Estate planning is essential for almost everyone, but it’s especially important if you own a business. Your company may account for the majority of what you leave to your heirs. And while you may be years away from retirement, it’s far better to get started sooner rather than later. Consider these factors that you may need to address in your estate plan:
1. Succession plan. This can have a ripple effect on other aspects of your estate planning. Do you plan to sell the business to an outsider, or perhaps to hand the reins to a member of your family? If you’re grooming a family member for the top spot, it’s a good idea to make that clear to everyone involved. Similarly, if power within the company is to be shared among several family members, spell out how that will work. Establish how much control you may want to keep, and make sure you document the arrangement so there won’t be misunderstandings.
2. Buy-sell agreement. A buy-sell agreement may work hand in hand with a succession plan. A buy-sell agreement is a contract between a company’s co-owners or shareholders specifying what will happen if a principal dies or is disabled. The main benefit is that such an agreement establishes a value for the business, which may be helpful for various purposes—for example, if someone wants to buy or sell shares from or to another co-owner.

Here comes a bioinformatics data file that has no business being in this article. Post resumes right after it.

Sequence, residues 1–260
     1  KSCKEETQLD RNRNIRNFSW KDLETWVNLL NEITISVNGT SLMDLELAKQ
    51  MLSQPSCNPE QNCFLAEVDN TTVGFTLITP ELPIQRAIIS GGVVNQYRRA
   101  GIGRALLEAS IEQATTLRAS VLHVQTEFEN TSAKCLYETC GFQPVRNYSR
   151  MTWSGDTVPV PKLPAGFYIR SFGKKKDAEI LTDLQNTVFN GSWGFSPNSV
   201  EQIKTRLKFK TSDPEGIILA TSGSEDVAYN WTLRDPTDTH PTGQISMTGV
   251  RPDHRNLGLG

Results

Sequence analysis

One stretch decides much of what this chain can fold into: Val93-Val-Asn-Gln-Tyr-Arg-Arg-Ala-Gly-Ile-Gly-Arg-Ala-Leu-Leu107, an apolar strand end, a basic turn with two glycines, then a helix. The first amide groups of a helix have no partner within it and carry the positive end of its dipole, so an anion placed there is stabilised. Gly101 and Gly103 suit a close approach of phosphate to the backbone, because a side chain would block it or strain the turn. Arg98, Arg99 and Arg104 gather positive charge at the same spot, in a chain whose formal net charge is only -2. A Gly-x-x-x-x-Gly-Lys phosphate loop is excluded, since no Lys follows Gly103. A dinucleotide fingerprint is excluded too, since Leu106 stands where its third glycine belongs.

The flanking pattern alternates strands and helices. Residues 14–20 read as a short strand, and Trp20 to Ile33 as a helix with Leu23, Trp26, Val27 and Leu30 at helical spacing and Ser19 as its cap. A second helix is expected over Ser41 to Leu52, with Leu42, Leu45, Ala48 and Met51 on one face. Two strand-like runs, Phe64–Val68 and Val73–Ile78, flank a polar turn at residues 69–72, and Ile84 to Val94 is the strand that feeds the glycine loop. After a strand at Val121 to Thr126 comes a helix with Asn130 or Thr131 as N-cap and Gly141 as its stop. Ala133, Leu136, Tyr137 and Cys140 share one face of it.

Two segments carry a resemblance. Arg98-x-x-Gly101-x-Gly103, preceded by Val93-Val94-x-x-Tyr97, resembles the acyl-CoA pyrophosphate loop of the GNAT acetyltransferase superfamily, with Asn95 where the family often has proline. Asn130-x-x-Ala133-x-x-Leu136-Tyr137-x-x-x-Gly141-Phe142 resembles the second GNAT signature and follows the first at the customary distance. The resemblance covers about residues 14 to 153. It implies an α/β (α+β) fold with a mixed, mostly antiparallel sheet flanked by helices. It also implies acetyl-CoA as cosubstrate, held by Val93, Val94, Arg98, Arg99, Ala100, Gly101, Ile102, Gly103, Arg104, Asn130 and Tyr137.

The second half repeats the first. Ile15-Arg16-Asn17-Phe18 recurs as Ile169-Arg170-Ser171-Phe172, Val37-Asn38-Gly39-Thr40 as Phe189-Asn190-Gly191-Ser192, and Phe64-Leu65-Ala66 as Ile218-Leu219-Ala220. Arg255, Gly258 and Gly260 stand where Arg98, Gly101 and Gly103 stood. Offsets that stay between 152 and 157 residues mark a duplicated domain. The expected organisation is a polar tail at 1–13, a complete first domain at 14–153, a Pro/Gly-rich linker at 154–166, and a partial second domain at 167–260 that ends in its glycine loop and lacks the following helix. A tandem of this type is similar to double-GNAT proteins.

3. Estate taxes. The specter of potential tax consequences often lurks in the background for small businesses. Even with the generous federal estate tax exemption ($5.49 million in 2017), your heirs may face tax complications, especially on the state level. Because most businesses have a minimum of cash on hand to pay estate taxes, the company might have to be sold to satisfy federal or state obligations. Estate tax returns are generally due within nine months of death, so make provisions now to avoid a distress sale in the future. And find out what tax breaks could benefit the estate—for instance, a federal tax law provision that allows deferral of estate tax payments when a business interest comprises at least 35% of a taxable estate.
4. Life insurance. One way to avoid a forced sale of a business is to secure adequate life insurance protection for the owner or co-owners. Proceeds from a life insurance policy can be used to pay estate taxes, debts, or other business obligations when an owner dies. Life insurance also may be an essential part of a buy-sell agreement. Depending on your needs, you might choose a form of whole life insurance, term insurance, or another variation.
To avoid problems down the line, consider all of the estate planning implications of owning your business. We will be glad to assist you with the specifics based on your personal circumstances.
This article was written by a professional financial journalist for Advisor Products and is not intended as legal or investment advice.